‘Diego Rivera’s America’ is a testament to the power of activist art

Dec. 6, 2022, 10:06 p.m.

There is no word short of “spectacular” that better describes the experience of examining “Pan American Unity,” Diego Rivera’s 1940 mural, housed since 2021 at the San Francisco Museum of Modern Art (SFMOMA). The piece is the crux of SFMOMA’s soon-closing exhibition, “Diego Rivera’s America,” curated by James Oles and Maria Castro.

The mural, whose full name is “The Marriage of the Artistic Expression of the North and of the South on This Continent,” is an extremely vibrant and honest piece of art. Seventy feet wide and 22 high, this vast work is Rivera’s ode to the Bay Area and his last fresco in the United States. Depicting the passage of time across North America, Rivera shares his vision for cultural solidarity with various groups across the continent. Rivera describes his work as the “fusion between the great past of the Latin American lands, as it is deeply rooted in the soil and the high mechanical developments in the United States.” Full of rich detail, this mural serves as an inherently activist piece and is both a fitting and exciting opener for the exhibit.

“[The fresco] is encoded with historic DNA. The mechanisms that happen in history are here,” mural historian William Maynez said. He marveled at the breadth of the piece — he still notices new things every day even after serving as steward and historian of the mural for more than 22 years.

The main exhibit itself is as meaningful as the mural. “Diego Rivera’s America” is split into 10 galleries, each of which represents a different theme that Rivera emulated in his works. These include places like Manhattan or Tehuantepec, as well as subjects like craftspeople or street markets.

Bay Area connections are the heart and soul of the exhibit, as well as an important aspect of Rivera’s life. Furthermore, the show focuses on the representation of North, Central and South American people.

Beyond having the opportunity to encounter the stunning quality of Rivera’s murals, it is equally fascinating to consider his vision for the future and the activist nature of his art. Rivera was a strong opponent of creating “art for art’s sake” and instead aimed to create change by softening viewers’ prejudices. It is by unapologetically including commentary on historical events such as World War II in pieces like “Pan American Unity” that Rivera is able to achieve this.

Focusing on Rivera’s work from 1921 to 1940 and bringing together 150 of his most regarded works, the exhibit guides viewers through the maturation of the artist’s style, rejection of the western art historical canon, and fight for greater social equality.

One of the most stunning aspects of the exhibition is its use of projections. The overture piece of the exhibit is Rivera’s mural “Creation,” displayed to the audience in a way never before experienced. SFMOMA utilizes a technique called “projection mapping,” a technological technique to display videos on various surfaces, to achieve the feat. Through a 1000-square-foot projection on the museum wall, curators were able to recreate the feeling of seeing the original mural as if viewers were visiting the Bolívar Auditorium of the National Preparatory School in Mexico City, where the original is housed. Next to the projection are sketches and early drafts of small pieces of the mural, mostly compiled by a Bay Area collector, standing as proof that San Francisco has been a part of Rivera’s journey even before he arrived in the Bay Area.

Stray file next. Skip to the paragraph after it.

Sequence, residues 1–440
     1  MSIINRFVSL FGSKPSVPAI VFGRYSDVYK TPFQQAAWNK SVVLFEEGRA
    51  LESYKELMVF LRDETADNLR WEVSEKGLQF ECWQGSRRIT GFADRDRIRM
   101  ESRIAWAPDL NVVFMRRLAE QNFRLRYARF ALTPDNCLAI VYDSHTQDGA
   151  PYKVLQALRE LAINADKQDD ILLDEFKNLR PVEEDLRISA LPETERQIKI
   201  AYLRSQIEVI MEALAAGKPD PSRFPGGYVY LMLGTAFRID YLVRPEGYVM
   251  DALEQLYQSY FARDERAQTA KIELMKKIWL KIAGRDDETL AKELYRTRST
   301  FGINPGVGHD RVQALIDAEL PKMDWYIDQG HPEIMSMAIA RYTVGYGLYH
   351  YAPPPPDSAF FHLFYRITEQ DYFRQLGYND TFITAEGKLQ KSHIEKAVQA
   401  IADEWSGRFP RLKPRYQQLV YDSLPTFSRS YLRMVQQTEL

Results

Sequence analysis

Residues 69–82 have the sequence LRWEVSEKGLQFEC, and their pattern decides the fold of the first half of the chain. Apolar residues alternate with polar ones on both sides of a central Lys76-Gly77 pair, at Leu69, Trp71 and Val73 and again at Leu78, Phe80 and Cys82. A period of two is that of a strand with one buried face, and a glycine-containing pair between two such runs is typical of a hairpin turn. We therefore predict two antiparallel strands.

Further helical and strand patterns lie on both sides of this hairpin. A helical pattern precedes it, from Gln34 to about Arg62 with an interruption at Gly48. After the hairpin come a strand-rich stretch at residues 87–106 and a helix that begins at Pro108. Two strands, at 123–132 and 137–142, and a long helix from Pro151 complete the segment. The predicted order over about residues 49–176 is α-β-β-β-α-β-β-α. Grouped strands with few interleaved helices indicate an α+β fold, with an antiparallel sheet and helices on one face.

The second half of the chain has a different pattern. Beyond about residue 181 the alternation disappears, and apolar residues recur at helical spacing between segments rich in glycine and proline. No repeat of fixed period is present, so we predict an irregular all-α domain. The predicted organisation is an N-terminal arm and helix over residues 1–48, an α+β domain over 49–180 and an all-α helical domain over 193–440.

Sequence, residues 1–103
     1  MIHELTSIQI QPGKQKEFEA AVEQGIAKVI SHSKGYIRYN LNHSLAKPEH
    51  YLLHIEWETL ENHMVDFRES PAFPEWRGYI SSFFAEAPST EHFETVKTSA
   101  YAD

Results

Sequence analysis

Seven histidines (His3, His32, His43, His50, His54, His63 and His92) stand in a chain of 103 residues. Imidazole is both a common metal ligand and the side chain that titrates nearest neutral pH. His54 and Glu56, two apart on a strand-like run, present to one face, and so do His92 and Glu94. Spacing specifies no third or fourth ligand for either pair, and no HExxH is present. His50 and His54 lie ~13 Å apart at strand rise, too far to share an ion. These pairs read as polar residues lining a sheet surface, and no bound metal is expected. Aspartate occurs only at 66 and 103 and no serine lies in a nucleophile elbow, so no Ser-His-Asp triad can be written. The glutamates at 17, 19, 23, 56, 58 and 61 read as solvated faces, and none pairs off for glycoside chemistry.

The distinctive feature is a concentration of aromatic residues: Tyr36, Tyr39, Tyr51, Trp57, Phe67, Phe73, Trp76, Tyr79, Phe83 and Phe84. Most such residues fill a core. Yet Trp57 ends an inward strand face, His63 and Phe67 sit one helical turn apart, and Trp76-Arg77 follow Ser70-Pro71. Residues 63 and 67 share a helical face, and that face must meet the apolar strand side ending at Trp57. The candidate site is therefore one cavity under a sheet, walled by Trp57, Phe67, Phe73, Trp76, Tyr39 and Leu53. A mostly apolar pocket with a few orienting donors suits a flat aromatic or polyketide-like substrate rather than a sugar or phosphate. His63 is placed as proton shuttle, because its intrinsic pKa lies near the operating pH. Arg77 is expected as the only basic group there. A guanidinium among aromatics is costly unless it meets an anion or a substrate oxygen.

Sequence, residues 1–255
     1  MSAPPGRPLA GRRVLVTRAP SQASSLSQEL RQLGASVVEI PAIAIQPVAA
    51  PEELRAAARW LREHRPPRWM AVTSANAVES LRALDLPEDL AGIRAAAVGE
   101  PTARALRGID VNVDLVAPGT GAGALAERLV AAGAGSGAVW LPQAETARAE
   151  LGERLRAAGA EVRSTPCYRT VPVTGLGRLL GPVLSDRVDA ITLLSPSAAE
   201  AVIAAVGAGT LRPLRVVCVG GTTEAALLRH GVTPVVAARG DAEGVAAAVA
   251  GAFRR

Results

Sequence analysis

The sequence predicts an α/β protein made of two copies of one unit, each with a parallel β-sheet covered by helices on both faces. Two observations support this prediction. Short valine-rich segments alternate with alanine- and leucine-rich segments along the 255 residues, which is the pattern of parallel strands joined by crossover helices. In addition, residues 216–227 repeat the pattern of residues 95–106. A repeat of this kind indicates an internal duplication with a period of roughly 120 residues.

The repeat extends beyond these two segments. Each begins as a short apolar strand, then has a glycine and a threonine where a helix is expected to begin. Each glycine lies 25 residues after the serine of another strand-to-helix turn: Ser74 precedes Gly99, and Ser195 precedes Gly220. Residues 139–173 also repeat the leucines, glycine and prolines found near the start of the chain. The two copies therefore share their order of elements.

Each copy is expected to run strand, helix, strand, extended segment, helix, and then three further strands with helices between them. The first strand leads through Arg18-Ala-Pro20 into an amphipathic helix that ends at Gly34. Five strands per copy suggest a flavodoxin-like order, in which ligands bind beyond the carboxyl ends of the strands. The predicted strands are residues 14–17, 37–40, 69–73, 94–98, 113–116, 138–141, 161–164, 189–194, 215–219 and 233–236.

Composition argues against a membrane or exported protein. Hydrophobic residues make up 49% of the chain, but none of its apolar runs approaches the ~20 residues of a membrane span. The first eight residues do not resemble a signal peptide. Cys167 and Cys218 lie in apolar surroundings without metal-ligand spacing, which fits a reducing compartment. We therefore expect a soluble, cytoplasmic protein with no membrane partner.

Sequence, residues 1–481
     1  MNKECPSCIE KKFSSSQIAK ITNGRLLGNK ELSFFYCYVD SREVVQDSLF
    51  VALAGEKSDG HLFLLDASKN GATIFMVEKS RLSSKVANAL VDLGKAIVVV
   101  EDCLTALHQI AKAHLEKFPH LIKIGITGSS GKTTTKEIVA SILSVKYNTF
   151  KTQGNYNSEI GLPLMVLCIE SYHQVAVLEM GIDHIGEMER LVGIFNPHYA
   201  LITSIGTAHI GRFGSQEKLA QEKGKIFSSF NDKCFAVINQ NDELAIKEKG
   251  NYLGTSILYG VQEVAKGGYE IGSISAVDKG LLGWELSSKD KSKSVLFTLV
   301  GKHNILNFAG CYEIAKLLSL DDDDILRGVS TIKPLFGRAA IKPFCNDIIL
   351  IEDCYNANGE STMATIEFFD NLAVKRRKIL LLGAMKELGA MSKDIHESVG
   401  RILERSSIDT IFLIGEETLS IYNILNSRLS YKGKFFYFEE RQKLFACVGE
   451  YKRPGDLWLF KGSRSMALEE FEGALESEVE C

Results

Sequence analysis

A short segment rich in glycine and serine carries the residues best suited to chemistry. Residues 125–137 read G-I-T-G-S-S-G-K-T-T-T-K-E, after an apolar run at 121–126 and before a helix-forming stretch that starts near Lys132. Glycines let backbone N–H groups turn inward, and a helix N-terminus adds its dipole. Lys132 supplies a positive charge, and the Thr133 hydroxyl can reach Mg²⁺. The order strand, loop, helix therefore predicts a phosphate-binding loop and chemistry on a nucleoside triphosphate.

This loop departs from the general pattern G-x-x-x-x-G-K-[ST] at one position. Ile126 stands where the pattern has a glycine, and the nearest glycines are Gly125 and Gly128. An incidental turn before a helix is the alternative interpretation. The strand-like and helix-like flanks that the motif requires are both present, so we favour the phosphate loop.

Another of the projected murals is the famous “Allegory of California,” Rivera’s first San Francisco fresco. The piece shows the workers of California in many different fields — agriculture, mining and mechanics, as well as education — represented by famous figures in the fields from the history of California. Much of the fresco is dominated by a woman who is a symbol of the rolling hills of the state.

Not only do the projected murals preserve the beauty of the originals, but they are also modernized with the addition of movement within the projections. In front of “Creation” are additional projections of musicians practicing their instruments, and “Allegory of California” displays long-haired women descending long staircases. Visitors are fully immersed in the context the works sit in, experiencing Rivera’s works in their full glory.

These projections enable the viewers to be immediately transported to the sites of Rivera’s most influential works. Although the show is not a full retrospective of Rivera’s work, the juxtaposition of projections and physical copies of his works offer viewers a comprehensive summary of his art from the time he returned to Mexico to his last mural in the U.S.

With Rivera’s “Pan American Unity” scheduled to return to the City College of San Francisco (CCSF) in January 2024, this immersive educational exhibit is not one you want to miss.

Editor’s Note: This article is a review and includes subjective thoughts, opinions and critiques.

Sebastian Hochman is a staff writer at The Stanford Daily for Arts & Life and University desks. He is a music major. Maybe. You can contact him at shochman 'at' stanford 'dot' edu.

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